Motor car racing was a natural consequence that followed the invention of the motor car. Man has always had a desire for speed. The car was invented in Western Europe, mass produced in America and developed from a luxury, to a necessity to a necessary luxury, if you know what I mean. Car racing also developed in the West, however, in the last few years we have had a huge surge of interest in motorsport throughout Asia.
I watched F1 on TV for many years till, in 2007, we went for our first F1 race to Sepang in Kuala Lumpur. Malaysia. We were left gasping at the spectacle. The sheer noise of the cars is the most striking and lasting feature. Adrenaline rushes thru your veins the moment you hear the sound. You may be a kilometre away, walking towards the track when the sound hits you and leaves you in a terribly excited state. At Malaysia we were novices, we have now learnt that you don’t take a bus to get to the circuit, which, due to its very nature, is located miles out of the city. The next time was Istanbul, Turkey where we had our own car. This is what we did in Shanghai as well. All our races thus far were modern Asian tracks (I am qualifying Turkey as Asia for the purpose of this blog, though they may well disagree). Great facilities, lots of space, lots of food, lots of stalls and endless entertainment while you wait for the race to start. Then, we went to Barcelona which was a huge disappointment facility wise. An old stadium, poor access and a poor experience. I thought I would not go to another F1 in Western Europe again, after all, there are so many new tracks opening in Asia – Korea, Abu Dhabi, Bahrain and now Noida!! But, the bug bit and we made it to Monza. The home of Ferrari, scarlet fever, the Tifosi, what an evocative image for a fan.
Everything in Milan was geared around the F1. Hotels had packages, they had higher rates, shows, and promos what have you. On Friday before the race we were sitting at a bar in the Duomo area when on the next table there were 4 older men in Rugby World Cup T Shirts. They were South African as was apparent from their accents and their T Shirts. Soon we became pals and it turned out they were here for the race too. One of them was a Mercedes Benz dealer in SA and the whole lot had flown into Frankfurt, hired a car and were in Milan. They drove thru Parma, ate ham, drove thru Marranelo the home of Ferrari and recounted with sheer delight the fact that the Municipal office in Modena has at its very centre, a Ferrari!! That was fun.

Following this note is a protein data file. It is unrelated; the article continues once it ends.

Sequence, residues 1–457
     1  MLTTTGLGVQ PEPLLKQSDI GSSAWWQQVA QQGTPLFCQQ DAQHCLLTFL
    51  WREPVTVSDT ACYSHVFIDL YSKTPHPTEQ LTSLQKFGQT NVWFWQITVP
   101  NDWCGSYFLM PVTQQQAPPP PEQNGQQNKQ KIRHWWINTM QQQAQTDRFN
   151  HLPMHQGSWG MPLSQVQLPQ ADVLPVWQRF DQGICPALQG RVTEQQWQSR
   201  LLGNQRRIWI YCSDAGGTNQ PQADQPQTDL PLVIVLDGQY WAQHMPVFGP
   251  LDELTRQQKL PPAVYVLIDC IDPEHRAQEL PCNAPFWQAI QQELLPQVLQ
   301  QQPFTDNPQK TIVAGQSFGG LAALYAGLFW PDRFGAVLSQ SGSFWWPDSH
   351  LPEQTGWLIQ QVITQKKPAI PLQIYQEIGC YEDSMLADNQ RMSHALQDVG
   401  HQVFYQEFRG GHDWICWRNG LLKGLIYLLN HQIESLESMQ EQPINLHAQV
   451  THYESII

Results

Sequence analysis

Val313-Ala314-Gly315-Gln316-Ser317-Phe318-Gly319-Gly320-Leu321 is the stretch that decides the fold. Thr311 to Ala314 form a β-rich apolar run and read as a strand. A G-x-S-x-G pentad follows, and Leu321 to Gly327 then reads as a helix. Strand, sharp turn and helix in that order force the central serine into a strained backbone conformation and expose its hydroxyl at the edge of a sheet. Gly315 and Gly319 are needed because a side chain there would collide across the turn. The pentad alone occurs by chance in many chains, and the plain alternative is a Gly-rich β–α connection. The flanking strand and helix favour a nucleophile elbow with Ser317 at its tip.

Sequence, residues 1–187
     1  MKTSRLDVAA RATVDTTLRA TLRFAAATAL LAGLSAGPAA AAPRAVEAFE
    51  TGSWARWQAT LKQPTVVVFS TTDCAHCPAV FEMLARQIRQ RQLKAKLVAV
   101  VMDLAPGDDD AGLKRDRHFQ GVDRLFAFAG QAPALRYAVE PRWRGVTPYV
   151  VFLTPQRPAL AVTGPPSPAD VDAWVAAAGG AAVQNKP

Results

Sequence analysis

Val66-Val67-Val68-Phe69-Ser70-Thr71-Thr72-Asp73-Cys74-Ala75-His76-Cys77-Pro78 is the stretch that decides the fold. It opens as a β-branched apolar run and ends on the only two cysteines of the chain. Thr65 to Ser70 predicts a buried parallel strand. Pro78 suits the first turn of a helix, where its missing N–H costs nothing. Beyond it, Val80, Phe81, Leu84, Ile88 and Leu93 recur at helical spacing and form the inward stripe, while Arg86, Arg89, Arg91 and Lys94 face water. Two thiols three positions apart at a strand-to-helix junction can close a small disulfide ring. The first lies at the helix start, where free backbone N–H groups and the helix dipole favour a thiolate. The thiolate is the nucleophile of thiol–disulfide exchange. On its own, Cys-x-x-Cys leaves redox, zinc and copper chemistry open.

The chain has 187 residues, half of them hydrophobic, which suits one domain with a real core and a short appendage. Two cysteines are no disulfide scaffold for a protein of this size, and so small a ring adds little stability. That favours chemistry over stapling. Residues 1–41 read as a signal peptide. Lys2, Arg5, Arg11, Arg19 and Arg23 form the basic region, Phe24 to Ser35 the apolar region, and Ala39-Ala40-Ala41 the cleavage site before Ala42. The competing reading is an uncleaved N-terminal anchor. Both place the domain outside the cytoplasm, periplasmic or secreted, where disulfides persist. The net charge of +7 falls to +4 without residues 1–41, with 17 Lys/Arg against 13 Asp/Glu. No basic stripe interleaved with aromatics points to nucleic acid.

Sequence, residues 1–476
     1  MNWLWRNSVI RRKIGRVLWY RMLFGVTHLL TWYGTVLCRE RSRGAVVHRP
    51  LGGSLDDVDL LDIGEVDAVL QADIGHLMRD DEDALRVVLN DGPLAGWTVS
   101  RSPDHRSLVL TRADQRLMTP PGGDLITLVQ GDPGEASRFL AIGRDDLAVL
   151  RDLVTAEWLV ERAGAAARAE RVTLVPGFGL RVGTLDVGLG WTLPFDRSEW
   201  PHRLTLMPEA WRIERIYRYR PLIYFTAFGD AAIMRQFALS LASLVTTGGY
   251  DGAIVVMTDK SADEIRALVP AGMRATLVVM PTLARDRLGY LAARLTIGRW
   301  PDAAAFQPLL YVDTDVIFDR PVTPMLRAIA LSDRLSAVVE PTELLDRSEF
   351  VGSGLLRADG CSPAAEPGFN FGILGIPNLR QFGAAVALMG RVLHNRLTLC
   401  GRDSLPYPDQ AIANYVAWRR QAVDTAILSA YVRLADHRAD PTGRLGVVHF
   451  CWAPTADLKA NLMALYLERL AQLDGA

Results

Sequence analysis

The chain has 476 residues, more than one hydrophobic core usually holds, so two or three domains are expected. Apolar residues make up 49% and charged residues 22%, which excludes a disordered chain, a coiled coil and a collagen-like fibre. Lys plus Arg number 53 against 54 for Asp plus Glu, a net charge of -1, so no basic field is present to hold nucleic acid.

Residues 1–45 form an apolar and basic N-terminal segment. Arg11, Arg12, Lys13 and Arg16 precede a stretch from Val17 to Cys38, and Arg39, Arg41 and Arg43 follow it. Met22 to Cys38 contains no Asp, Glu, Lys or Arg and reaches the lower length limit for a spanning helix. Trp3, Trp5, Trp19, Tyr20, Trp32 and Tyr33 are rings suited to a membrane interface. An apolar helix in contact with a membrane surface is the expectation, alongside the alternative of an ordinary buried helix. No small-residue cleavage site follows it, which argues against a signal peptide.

To put things in perspective, a normal F1 race has about 125,000 fans attending, most by car or bus, since, as I said earlier, F1 tracks are located in the backs-of-beyond. You have to have deep logistics just for people and vehicle management at the track. I am not even dealing with the hotels, the facilities for the teams, airports to fly in the teams, cars, equipment, container trucks, computer equipment, catering, hospitality, well, I could go on and on. Monza is a small town some 13 kms out of the centre of Milan. The track is in the centre of what is known as Parc De Monza an 800 hectare green park, much like Hyde Park in London except much, much larger. This itself is a lesson for all greens, `jholawallas', do gooders, NGO types in India. Here is one of the most extravagant sports, with the world’s richest people, causing noise pollution, burning precious fossil fuels, with a mega giant carbon footprint, all happening in an 800 hectare green belt. Not a word of protest and its happened 81 times in the past.